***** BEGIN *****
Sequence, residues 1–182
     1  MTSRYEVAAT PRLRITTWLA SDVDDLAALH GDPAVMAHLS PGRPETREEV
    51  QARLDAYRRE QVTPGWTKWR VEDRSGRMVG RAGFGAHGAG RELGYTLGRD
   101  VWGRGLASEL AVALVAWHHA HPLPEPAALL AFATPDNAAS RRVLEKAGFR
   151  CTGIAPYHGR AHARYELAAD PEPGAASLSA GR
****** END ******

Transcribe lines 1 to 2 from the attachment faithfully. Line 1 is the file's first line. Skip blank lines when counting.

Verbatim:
Sequence, residues 1–182
     1  MTSRYEVAAT PRLRITTWLA SDVDDLAALH GDPAVMAHLS PGRPETREEV